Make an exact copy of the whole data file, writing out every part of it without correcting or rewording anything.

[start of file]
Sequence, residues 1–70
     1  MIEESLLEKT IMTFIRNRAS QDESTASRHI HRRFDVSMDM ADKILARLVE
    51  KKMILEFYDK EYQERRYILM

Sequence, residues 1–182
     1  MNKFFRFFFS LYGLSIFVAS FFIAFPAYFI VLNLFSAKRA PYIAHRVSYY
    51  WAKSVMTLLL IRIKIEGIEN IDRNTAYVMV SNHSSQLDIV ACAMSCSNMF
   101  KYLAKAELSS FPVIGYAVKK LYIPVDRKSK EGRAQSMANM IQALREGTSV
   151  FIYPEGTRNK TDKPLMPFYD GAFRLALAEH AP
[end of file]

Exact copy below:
Sequence, residues 1–70
     1  MIEESLLEKT IMTFIRNRAS QDESTASRHI HRRFDVSMDM ADKILARLVE
    51  KKMILEFYDK EYQERRYILM

Sequence, residues 1–182
     1  MNKFFRFFFS LYGLSIFVAS FFIAFPAYFI VLNLFSAKRA PYIAHRVSYY
    51  WAKSVMTLLL IRIKIEGIEN IDRNTAYVMV SNHSSQLDIV ACAMSCSNMF
   101  KYLAKAELSS FPVIGYAVKK LYIPVDRKSK EGRAQSMANM IQALREGTSV
   151  FIYPEGTRNK TDKPLMPFYD GAFRLALAEH AP